TJG: Are any of these tunes tied to a specific event in your life, or something you’ve witnessed?
JR: Most of them are more general and come from a collection of experiences that fit together, like feeling overwhelmed or scared or something else. But the song that we’re playing at the end of the first set—called “The Reality of Being a Young Black Man”—I wrote that about five days before I played the Gallery last July. About a week before that, two black men were wrongfully shot by the police [Philando Castile and Alton Sterling]. I remember waking up and scrolling through Facebook and seeing that, and then I went and wrote “The Reality.” That’s the one I can specifically remember being related to a certain event.
TJG: I’m really struck by the transformation in the first set from “The Beauty of Being a Young Black Man” to “The Reality.” It feels as if the first set documents the challenges you face, while the second set shows a way forward through your faith.
JR: Exactly. That’s why I’m not always depressed about everything. My faith is what keeps me afloat. That’s what the second set is supposed to represent.
TJG: In this second set, are you dealing with the gospel music tradition in your tunes?
JR: Definitely. That’s in my expression, that’s how I was born and raised. It’s where I started playing music and it’s where everything comes together for me. But I’m also really interested in how the band expresses themselves in that style. So I’d say that the writing is gospel, but the contemporary perspectives of the musicians will make it something different.
TJG: There are certainly a lot of jazz players who come from the gospel tradition, whether guys like Jason Moran or Eric Harland. But it’s interesting to me that the guys in your rhythm section aren’t known for having those same roots. Why did you want to work with these particular players?
JR: Harish and Sam are some of my favorite musicians and Tyshawn is a genius, so the way they express and interact with my background is a big part of what defines the music.
My choices in the rhythm section came a lot through talking with Immanuel. We have really similar backgrounds—we grew up playing in church and we came to this contemporary form of jazz after that. What we want to do is combine those two things. Like Gerald Clayton’s newest album is definitely doing that, and it’s been a big influence since it came out. With this rhythm section, they’re our favorite musicians and we know that they have the capacity to be themselves within the music. They have such strong musical personalities that when they play within a certain style, they make it sound like their own. That was the goal. Even when we play the opening hymn, we’re going to sound like us.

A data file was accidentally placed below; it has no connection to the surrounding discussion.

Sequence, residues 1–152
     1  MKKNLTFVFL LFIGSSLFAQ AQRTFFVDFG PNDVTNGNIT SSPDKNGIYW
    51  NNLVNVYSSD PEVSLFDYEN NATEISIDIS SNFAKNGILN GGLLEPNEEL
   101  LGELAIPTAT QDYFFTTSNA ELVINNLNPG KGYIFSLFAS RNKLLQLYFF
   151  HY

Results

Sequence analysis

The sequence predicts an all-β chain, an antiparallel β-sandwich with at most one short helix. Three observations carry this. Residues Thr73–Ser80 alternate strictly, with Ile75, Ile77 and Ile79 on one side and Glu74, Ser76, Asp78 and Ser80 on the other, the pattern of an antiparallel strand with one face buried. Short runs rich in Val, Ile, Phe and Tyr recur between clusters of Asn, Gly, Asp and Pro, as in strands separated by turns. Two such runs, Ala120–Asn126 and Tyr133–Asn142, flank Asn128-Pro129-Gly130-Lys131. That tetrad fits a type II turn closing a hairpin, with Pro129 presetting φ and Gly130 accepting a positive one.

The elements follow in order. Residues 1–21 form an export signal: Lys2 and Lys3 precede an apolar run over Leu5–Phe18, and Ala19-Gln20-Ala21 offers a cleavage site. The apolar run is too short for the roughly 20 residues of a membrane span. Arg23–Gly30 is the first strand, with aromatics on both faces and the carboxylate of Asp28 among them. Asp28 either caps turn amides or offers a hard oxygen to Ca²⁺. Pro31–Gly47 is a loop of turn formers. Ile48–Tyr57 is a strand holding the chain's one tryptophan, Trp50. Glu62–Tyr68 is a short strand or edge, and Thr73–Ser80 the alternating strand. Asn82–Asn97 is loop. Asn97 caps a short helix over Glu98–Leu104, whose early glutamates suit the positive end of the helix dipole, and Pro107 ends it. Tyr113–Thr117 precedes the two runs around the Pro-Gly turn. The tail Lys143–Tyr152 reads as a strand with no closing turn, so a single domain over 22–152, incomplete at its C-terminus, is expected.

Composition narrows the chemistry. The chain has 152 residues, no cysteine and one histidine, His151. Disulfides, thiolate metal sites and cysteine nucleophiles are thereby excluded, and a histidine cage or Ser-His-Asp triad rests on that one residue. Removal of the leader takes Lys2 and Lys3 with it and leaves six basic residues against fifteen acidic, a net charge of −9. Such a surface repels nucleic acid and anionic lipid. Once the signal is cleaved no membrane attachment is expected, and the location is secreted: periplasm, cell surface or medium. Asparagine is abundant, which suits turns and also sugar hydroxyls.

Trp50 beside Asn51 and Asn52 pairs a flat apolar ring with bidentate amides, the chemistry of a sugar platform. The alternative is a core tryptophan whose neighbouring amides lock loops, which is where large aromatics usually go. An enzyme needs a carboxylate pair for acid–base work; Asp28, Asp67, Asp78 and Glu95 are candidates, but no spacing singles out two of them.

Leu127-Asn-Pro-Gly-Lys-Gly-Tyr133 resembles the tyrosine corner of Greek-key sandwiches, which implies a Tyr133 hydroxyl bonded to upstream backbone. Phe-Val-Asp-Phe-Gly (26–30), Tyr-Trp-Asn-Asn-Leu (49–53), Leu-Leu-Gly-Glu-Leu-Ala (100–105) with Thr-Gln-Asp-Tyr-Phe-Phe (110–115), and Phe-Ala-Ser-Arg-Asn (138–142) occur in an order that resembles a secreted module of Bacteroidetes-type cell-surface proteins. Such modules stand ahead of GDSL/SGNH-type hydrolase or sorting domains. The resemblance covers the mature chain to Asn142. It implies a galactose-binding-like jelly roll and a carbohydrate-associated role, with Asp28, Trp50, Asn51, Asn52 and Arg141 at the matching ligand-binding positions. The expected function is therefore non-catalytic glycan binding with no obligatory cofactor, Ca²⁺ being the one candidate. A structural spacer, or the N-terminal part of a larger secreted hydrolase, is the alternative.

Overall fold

TJG: Last month, Adam O’Farrill kicked off our 2017 Residency Commissions with another socially, politically-minded project. Do you see a lot of your peers creating music right now that reflects the current socio-political situation?
JR: Yeah. Since I moved to New York about three years ago, I noticed that all of my peers are very cognizant and very vocal about what’s going on, but with music and outside of it. On social media, I feel we’re all really vocal about what’s going on. I think that’s a great thing.
Jazz has always been a political music, it’s always been a protest music. It’s not surprising to me then that so many jazz musicians are so vocal right now. I feel with people my age, in particular, we’re in an age of information, 24/7. You can always know what’s going on. Because of that, at some point, you can’t just stay silent. And we have a platform for it.
TJG: Why do you personally feel that it’s important to express these ideas through music? Do you think your music is there to effect greater change in some way?
JR: I don’t have some ulterior motive beyond expressing what I feel musically. Whatever change it may bring or not bring, it is what it is. I think it really comes back to the fact that I have a voice and I’m using it in this way. It’s just expression and communication, which is what I think this music boils down to.
The 2017 Jazz Gallery Residency Commissions Series continues with Joel Ross’s Being A Young Black Man on Friday, May 26th, and Saturday, May 27th, 2017. The group features Mr. Ross on vibraphone, Immanuel Wilkins on saxophone, Sam Harris on piano, Harish Raghavan on bass, Tyshawn Sorey on drums, and Harold Green on spoken word. Sets are at 7:30 and 9:30 P.M. each night. $22 general admission (FREE for members) for each set. Purchase tickets here.